Artists often create work about nature as a way to draw attention to beauty in the natural world. But can their work also draw attention to pollution and the ways that Pittsburgh's environment can be dangerous?
In late March of 2017, just a few weeks before Earth Day, the first Enviro-Art Gallery showcase took place as a small gathering and presentation in the cafeteria of James River High School in Midlothian, Virginia.
More than 100 pieces of artwork was stapled to stacks of wood, rectangular easels placed sporadically throughout the small room. There was music playing, Canon in D offset by natural sounds and chirps, and cookies and donuts and lemonade for the guests. At the end of the three hour program, many guests left saying that the event had left a lasting impression on them and their relationship with the environment.
From these humble beginnings, the Enviro-Art Gallery has expanded into an international program. Now in its fifth year, it officially kicks off April 5 in a virtual format featuring more than 600 works of art: paintings, drawings, poetry, videos, and more, submitted by students and artists from across the U.S. and representing every continent except Antarctica, and 15 guest speakers touching on issues from ocean conservation to forests, plastics, and injustice.
Sea Turtles by Olivia Fox
Grateful for the Stars, Equanimity by Beth Palmer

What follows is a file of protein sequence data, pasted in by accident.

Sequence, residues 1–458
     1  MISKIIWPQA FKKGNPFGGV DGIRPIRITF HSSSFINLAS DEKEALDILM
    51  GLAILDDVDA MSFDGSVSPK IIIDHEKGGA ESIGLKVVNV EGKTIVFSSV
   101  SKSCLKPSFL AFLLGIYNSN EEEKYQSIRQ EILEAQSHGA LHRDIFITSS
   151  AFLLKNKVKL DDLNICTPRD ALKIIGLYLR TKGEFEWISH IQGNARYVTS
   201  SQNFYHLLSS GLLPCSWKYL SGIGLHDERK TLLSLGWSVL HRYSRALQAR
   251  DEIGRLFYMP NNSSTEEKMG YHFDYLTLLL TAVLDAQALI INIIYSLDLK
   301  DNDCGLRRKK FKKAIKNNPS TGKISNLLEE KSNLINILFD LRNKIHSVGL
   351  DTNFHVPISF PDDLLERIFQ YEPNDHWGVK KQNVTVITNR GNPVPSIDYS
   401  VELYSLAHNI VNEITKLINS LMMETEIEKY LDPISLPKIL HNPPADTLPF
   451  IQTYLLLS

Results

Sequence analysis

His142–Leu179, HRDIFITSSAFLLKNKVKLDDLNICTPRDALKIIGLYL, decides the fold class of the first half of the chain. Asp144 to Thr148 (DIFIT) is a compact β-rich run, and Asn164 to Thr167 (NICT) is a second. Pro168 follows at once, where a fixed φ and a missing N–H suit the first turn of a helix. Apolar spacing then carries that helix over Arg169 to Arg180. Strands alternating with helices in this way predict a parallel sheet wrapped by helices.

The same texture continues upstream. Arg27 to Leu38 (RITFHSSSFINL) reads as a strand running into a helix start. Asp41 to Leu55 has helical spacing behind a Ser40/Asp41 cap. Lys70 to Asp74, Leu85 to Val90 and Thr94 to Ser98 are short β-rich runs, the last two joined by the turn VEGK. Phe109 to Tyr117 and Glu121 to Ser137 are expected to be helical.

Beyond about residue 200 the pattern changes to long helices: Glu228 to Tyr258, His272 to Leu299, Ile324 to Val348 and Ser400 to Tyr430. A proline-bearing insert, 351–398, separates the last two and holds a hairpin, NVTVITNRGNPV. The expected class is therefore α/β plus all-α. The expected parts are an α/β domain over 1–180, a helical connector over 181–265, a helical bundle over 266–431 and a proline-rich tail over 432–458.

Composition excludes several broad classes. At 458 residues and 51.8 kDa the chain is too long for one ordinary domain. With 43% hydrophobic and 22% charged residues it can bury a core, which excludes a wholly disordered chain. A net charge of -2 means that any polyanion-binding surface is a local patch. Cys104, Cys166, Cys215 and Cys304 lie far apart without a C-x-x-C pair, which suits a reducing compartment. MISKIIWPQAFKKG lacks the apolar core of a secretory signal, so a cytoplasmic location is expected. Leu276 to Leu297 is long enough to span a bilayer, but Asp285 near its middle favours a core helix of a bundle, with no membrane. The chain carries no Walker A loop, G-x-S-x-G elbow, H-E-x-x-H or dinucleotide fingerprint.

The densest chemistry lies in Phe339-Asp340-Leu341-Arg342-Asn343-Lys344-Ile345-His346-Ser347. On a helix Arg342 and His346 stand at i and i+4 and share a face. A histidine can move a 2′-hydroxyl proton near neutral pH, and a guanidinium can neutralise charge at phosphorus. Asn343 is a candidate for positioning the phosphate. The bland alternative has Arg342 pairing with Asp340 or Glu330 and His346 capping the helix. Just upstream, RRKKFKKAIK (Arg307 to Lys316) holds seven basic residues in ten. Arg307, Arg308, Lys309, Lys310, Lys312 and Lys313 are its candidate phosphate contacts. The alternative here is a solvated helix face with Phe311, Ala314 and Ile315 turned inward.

通幽 (Leading to a Secluded Spot) by 斯凡
The Gallery presents art as a call to action, working to connect people to places, ecosystems, and international experiences of nature through engaging visual dialogues. Its mission is to inspire greater environmental stewardship through the creation and the sharing of environmental art.
This year's Gallery is designed to bring people together during a difficult period of separation. Despite lockdowns and physical distance, environmental issues tie us together. This year's showcase hopes to spotlight those similarities: from Australian bush fires to California wildfires and plastic pollution in China to the microplastics in the Atlantic Ocean. And there is art and photography featured in appreciation for the beauty of natural scenes and stunning biodiversity—such as playing sea turtles, Galapagos Iguanas, and paintings of Appalachia.
Environmental art can act as an emotive window into our natural world and the ecological struggle for survival taking place.
The Enviro-Art Gallery's motto, "changing the world through creativity" hopes to facilitate that window, making these issues more accessible through the universal language of art.
In a letter to members of Congress, the U.S. Environmental Protection Agency on Tuesday maintained its support for Chesapeake Bay restoration efforts while criticizing Maryland, which has threatened to take the agency to court.